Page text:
Attention to a more pleasant work environment can reduce stress, increase self-efficacy and help balance work and home life. Other benefits include:

  • Increased work productivity.
  • Fewer sick days off of work.
  • A lower rate of employee turnover.
  • Allowing employees to be more adaptable to work changes.
  • Improvement your company’s brand and reputation.

Important Characteristics of Quality

The means to meet strong quality measures include several important characteristics, such as:

  • Governance. Developing and implementing an effective system of governance involves several factors. One is defining what management intentions involve through clearly defined policies and procedures. Another is ensuring management intentions will fit various stakeholder requirements, including: dealing with any external standards, shareholder or trustee requirements, customer and supplier requirements, employee requirements; etc.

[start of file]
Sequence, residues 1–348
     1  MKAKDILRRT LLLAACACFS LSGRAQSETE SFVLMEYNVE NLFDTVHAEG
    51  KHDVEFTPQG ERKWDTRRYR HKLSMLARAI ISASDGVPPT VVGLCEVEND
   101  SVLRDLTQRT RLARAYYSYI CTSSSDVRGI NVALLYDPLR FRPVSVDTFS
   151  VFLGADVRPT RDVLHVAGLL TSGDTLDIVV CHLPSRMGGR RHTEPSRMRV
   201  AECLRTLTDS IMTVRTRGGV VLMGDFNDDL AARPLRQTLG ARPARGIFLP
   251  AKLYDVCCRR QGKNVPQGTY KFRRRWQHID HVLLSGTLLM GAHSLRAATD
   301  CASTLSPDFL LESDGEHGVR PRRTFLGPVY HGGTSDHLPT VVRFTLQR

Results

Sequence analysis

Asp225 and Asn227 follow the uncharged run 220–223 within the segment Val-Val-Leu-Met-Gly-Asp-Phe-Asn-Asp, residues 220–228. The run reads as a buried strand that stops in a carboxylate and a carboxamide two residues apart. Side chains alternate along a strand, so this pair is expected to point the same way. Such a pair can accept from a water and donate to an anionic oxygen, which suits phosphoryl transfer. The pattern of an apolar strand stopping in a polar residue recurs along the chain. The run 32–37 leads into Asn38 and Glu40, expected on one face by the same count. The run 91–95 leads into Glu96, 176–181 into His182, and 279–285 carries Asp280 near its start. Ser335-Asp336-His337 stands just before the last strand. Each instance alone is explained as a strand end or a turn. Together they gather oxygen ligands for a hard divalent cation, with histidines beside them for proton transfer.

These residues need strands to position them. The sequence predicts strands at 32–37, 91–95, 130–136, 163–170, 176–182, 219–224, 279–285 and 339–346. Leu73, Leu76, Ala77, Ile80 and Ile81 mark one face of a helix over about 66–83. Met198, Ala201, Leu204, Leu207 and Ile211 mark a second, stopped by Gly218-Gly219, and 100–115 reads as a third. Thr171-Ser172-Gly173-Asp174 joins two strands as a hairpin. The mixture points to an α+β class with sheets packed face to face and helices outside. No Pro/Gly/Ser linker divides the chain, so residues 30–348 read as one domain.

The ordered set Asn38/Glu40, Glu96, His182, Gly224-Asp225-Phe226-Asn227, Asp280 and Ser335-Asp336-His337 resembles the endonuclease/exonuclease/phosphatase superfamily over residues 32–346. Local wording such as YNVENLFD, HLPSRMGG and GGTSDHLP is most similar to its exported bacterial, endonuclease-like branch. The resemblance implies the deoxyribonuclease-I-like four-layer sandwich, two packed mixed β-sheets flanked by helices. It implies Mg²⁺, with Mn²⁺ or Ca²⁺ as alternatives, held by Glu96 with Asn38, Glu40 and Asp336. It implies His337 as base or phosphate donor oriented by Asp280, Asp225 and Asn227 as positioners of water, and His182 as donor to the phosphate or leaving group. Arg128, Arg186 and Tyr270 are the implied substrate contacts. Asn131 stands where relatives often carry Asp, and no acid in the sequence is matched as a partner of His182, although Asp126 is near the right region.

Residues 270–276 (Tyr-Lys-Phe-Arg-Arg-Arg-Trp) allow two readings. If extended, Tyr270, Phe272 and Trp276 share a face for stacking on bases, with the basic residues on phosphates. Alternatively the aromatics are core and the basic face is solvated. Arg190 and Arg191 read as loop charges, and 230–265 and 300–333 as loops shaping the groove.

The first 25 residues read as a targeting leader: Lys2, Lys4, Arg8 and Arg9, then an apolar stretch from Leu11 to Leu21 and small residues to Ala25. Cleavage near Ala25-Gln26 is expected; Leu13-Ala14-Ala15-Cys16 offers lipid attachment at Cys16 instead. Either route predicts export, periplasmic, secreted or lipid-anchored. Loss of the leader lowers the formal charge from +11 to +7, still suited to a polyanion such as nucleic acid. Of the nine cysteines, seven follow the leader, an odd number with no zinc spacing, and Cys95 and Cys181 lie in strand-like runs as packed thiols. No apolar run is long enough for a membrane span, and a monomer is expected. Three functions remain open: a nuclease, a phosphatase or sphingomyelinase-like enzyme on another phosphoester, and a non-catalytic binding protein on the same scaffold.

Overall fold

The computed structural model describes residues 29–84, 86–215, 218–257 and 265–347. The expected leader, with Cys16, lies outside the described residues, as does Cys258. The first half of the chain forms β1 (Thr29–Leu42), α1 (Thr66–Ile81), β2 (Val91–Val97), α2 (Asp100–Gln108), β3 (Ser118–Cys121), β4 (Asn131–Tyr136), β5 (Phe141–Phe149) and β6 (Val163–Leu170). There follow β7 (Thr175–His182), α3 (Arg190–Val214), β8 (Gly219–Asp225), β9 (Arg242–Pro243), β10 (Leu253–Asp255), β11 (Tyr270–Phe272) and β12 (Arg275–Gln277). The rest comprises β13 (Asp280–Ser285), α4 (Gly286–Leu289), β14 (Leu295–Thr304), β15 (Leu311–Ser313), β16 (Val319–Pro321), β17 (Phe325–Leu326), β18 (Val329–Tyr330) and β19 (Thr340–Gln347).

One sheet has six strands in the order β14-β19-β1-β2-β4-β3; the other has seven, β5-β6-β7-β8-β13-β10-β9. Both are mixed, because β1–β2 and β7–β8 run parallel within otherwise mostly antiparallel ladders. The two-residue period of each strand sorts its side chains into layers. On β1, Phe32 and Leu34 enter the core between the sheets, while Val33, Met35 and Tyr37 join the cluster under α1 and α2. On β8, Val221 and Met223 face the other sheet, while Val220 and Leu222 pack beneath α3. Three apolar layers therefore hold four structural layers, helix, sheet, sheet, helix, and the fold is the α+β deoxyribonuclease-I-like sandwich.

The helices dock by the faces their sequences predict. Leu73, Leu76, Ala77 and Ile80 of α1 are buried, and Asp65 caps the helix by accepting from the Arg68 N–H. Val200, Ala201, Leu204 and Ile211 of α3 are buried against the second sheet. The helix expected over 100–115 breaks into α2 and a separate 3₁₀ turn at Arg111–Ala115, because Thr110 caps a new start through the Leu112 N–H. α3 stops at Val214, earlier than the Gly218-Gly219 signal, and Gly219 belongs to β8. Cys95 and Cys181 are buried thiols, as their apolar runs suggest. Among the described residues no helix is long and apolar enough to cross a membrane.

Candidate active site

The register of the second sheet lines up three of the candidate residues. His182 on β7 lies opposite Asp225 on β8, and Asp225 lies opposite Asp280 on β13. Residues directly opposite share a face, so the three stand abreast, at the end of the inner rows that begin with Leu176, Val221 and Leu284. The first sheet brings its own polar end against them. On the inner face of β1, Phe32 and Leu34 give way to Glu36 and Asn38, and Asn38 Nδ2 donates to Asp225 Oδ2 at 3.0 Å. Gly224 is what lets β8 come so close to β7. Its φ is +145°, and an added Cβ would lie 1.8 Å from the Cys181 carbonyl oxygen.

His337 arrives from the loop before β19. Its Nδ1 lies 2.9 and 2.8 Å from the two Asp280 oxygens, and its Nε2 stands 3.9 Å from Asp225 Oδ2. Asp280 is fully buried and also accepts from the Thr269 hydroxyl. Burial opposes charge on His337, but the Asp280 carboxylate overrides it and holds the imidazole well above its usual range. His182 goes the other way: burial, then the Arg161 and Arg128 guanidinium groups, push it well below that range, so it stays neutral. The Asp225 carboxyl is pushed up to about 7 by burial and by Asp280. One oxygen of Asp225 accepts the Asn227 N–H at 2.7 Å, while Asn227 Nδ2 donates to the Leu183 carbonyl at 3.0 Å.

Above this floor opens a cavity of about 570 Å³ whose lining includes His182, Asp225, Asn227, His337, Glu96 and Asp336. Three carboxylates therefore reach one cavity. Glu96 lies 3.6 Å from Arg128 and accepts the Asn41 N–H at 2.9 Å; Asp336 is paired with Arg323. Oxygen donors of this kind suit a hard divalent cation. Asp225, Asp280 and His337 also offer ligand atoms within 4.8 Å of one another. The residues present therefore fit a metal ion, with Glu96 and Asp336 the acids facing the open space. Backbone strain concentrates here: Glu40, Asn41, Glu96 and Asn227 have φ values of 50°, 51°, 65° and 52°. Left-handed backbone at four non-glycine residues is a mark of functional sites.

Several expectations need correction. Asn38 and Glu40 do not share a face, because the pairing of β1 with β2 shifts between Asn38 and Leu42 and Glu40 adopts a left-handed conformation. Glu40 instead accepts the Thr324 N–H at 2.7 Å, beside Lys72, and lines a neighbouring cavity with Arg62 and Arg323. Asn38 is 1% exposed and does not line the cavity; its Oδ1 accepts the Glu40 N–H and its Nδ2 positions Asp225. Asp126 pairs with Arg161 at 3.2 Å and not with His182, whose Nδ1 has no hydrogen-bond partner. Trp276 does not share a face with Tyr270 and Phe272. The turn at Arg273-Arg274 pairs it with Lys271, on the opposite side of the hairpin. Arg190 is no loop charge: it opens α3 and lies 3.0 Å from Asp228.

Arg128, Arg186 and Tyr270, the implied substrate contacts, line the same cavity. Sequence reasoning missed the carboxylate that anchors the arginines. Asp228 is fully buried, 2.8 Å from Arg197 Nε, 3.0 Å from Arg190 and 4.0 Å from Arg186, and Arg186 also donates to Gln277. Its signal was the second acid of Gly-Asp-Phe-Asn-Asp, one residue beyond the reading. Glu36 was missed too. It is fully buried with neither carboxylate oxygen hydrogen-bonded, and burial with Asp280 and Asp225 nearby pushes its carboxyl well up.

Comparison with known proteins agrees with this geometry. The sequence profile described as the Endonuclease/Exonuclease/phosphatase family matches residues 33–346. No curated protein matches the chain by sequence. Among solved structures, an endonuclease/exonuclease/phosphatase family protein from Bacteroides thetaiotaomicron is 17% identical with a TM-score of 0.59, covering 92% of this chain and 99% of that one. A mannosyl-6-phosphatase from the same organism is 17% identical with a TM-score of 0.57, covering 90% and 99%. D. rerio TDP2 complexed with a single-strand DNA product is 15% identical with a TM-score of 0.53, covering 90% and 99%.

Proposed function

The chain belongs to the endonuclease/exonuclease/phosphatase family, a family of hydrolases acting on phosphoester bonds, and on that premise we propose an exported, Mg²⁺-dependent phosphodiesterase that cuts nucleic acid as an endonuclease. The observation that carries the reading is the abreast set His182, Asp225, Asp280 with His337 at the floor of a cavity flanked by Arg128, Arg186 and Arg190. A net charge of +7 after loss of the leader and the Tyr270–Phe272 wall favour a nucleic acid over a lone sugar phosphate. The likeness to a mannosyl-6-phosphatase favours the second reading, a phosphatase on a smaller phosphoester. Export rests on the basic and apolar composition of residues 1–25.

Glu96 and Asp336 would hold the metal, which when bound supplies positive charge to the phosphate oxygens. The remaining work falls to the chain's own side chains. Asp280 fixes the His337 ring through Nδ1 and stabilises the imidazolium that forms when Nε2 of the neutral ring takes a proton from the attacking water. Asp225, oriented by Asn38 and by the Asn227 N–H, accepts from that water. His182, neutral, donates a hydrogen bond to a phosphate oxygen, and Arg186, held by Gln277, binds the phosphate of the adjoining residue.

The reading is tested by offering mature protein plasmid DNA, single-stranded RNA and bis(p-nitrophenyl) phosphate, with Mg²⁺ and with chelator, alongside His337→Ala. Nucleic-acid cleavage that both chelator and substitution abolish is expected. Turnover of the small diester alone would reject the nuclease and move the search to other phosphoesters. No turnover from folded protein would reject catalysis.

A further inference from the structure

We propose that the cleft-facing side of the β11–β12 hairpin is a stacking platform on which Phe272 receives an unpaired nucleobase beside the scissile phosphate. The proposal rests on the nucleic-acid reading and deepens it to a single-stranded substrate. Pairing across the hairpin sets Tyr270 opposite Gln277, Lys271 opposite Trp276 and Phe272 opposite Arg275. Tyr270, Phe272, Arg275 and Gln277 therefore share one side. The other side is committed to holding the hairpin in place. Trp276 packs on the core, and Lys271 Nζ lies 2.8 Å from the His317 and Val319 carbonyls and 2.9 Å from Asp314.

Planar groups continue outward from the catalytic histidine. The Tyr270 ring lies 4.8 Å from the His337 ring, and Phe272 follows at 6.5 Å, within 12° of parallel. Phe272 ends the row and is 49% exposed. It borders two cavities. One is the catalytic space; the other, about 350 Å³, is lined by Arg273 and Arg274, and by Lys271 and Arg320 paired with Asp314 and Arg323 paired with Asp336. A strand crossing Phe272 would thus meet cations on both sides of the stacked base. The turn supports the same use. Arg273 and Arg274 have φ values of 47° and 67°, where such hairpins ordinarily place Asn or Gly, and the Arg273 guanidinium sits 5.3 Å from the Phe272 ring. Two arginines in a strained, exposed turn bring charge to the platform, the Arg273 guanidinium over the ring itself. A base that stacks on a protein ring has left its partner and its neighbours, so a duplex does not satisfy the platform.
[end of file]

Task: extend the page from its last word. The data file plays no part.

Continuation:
• Assurance. It’s important to ensure there’s a commitment to assurance in how work is done (such as process assurance) and the output created (such as product, service, and project assurance). 

  • Improvement. Organisation improvements can be encouraged by the use of qualitative and quantitative measures, root cause analysis and adopting effective new techniques. 

How World Quality Day Benefits Businesses

World Quality Day helps businesses draw attention to how aspects of quality can improve their business operations. The day is observed by various businesses globally.

World Quality Day 2015

2015’s World Quality Day will take place on November 11. The CQI plans to centre the day around the theme of “Sweet Dreams,” with a look at the challenges facing the cocoa industry. Cocoa production’s is facing various issues, including profitability and productivity problems. With 40 to 50 million people worldwide involved in the cocoa industry, cocoa’s an important global agricultural product.